Guthrie Theater Announces Surplus Despite Pandemic Closure
The Guthrie Theater’s stage remained dark with no live performances for 18 months as theaters across the nation were shuttered due to Covid-19. But thanks to a financial boost from the federal government, the theater is optimistic going into its 2022 season.
In a Monday announcement, the Guthrie reported a $27,500 surplus between fiscal years 2020 and 2021.
While the Guthrie continued to reach audiences through virtual programming and events while onstage performances were shuttered due to the pandemic, this surplus was only made possible with the help of federal relief grants, state compensation credits, and private donors.
But, with seats empty, multiple channels of support were needed to keep the Guthrie afloat as performance venues across the nation struggled to maintain a flow of income.
The Guthrie would have generated an estimated $29 million in earned revenues during the 18-month shutdown, James Haskins, managing director for the theater, noted in the Monday update.
“We know we are not yet entirely out of the woods, but the focused work to manage expenses and generate federal relief and contributed revenue during the shutdown has been critical to the Guthrie’s ability to weather the pandemic and remain in a sound financial position,” Haskins said.
Relief came from the Shuttered Venue Operators Grant program, which provided more than $16 billion in relief to nonprofit theaters, including the Guthrie, commercial theaters, music venues, museums, movie theaters, and more. U.S. Sen. Amy Klobuchar co-authored the legislation that provided funding for the program.
The theater also saw an outpouring of support from foundations, corporations, and individuals. More than 11,000 donors — 33 percent more than the previous season — contributed 51 percent of the theater’s budget.
The pandemic brought unified efforts between theaters across the country, artistic director Joseph Haj said, noting that collaborative networks enabled conversations and influenced legislative change.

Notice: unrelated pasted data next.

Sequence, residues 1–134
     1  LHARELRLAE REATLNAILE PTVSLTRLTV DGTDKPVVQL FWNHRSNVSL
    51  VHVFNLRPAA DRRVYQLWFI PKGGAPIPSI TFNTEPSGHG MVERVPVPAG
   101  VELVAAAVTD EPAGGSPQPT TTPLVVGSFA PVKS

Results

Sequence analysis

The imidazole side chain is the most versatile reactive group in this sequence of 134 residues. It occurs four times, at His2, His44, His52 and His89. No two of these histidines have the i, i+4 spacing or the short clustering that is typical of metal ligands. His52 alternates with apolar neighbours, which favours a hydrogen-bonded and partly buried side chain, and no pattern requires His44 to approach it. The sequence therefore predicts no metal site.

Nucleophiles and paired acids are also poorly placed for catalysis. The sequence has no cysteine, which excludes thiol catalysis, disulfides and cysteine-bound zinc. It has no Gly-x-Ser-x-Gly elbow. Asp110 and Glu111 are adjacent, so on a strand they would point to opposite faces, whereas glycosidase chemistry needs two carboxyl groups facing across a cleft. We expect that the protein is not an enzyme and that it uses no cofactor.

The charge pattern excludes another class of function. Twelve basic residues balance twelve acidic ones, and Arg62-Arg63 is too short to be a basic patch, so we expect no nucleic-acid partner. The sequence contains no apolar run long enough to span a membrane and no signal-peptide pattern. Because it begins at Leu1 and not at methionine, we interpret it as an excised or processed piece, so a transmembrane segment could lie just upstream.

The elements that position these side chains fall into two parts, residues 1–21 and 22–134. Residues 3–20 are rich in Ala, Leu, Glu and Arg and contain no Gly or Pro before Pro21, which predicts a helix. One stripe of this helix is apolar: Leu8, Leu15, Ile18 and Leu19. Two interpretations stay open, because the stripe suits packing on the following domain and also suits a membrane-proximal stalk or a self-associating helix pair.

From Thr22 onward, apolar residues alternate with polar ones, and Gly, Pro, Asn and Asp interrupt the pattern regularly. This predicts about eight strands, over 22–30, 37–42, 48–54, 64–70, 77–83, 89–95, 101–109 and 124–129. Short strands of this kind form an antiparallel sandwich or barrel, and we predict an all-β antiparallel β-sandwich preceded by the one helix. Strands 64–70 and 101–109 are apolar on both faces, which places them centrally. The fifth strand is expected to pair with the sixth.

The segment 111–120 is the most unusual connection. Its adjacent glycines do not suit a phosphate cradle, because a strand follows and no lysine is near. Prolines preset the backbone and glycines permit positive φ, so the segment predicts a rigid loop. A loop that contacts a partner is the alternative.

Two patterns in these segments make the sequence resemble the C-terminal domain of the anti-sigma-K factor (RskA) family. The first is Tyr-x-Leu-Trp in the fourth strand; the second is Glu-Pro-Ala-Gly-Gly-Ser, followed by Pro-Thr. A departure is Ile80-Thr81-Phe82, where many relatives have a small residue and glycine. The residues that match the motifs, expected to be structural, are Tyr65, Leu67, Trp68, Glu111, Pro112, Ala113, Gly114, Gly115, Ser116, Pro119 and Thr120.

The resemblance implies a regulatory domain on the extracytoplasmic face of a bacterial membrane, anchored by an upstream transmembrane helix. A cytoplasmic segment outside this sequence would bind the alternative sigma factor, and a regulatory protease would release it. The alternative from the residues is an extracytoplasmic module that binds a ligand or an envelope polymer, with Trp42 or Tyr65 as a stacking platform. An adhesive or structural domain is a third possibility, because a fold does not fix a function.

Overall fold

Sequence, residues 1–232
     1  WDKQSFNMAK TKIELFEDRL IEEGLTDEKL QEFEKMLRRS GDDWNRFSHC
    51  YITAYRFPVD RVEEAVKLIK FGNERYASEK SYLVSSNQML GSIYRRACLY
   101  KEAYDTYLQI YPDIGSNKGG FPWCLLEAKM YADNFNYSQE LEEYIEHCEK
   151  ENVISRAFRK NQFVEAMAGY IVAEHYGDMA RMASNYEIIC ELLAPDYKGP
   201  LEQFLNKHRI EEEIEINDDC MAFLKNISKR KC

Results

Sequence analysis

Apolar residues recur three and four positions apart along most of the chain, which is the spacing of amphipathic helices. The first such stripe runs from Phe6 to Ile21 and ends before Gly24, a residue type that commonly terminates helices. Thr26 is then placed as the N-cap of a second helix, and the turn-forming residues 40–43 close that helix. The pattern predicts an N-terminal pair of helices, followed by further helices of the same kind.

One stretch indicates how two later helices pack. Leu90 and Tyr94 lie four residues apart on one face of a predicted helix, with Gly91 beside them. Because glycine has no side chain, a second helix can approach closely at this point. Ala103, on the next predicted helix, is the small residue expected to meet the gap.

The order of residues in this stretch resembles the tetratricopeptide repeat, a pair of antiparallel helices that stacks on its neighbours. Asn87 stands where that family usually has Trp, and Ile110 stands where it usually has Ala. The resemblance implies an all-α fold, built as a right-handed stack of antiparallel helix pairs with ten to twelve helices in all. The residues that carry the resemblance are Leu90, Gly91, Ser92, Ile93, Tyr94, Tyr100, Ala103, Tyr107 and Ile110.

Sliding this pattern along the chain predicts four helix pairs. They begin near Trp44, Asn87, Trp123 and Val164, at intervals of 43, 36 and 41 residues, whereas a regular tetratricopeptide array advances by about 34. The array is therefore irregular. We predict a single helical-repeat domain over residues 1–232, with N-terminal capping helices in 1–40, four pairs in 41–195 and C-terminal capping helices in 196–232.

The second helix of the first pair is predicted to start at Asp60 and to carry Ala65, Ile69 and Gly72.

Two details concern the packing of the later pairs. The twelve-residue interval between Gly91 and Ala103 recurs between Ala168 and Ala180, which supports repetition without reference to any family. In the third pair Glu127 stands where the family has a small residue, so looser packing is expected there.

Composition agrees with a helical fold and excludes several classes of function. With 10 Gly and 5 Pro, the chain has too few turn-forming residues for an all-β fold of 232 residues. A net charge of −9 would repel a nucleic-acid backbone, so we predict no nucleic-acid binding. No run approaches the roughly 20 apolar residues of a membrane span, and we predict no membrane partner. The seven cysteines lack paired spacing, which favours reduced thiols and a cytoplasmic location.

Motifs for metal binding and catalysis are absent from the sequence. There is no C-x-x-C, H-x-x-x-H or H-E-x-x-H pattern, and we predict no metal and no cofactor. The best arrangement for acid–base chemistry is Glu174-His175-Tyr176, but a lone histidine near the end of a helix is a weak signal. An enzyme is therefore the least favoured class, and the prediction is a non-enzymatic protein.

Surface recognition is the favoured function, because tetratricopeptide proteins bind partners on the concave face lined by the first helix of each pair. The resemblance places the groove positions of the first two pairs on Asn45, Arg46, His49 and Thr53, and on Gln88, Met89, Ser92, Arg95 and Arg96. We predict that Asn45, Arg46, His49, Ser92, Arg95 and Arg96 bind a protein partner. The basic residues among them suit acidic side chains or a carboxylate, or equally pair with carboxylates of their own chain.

The Shuttered Venue Operators Grant program passed at the end of 2020 and ultimately became the largest single federal support program of the performing arts in U.S. history. It was a result of the bipartisan Save Our Stages Act, which was co-authored by Klobuchar and U.S. Sen. John Cornyn, a Republican representing Texas.
The Guthrie also received federal relief through the Paycheck Protection Program, with the amount loaned in the 2020 fiscal year forgiven in fiscal year 2021. Employee Retention Credits and the State of Minnesota provided $1.157 million in unemployment compensation credits in the 2021 fiscal year, according to the announcement.
The majority of expenses associated with the PPP loan were incurred in 2020, resulting in a $2.7 million deficit. However, the Guthrie said forgiveness of the loan in 2021 accounted for a $2.7 million surplus.
“As we wrestled mightily with what it means to be a theater when we could not put plays onstage, we found ample opportunity to stretch and grow,” Haj said. “None of the work would have been possible without the unwavering support from our board, staff, artists, donors, volunteers, colleagues, advocates and legislators — all of whom unified in their commitment to the Guthrie and nonprofit theater.”
The 2020–2021 Season went down in Guthrie Theater history as the year with no live stage performances, Haj said.
The theater’s board of directors approved an expense budget in October of 2020 that allowed the organization to maintain a group of continuous employees, create and promote virtual projects, commit to working with local Black artists, invest in commissions, and begin capital projects.
Since 2020, the theater has also made significant capital investments including reupholstering seats, repainting lobbies, adding new handrails in the theaters, and installing high-efficiency MERV 13 air filters.
In June 2021, the Guthrie marked 15 years in its riverfront facility at 818 S. 2nd Street, and in July of the same year, the theater reopened its doors to the public for the first time since March of 2020.
“As we move forward, I continue to believe deeply that live theater is as necessary now as it has ever been,” Haj said. “It is here to stay, gathering us as a community and illuminating our common humanity.”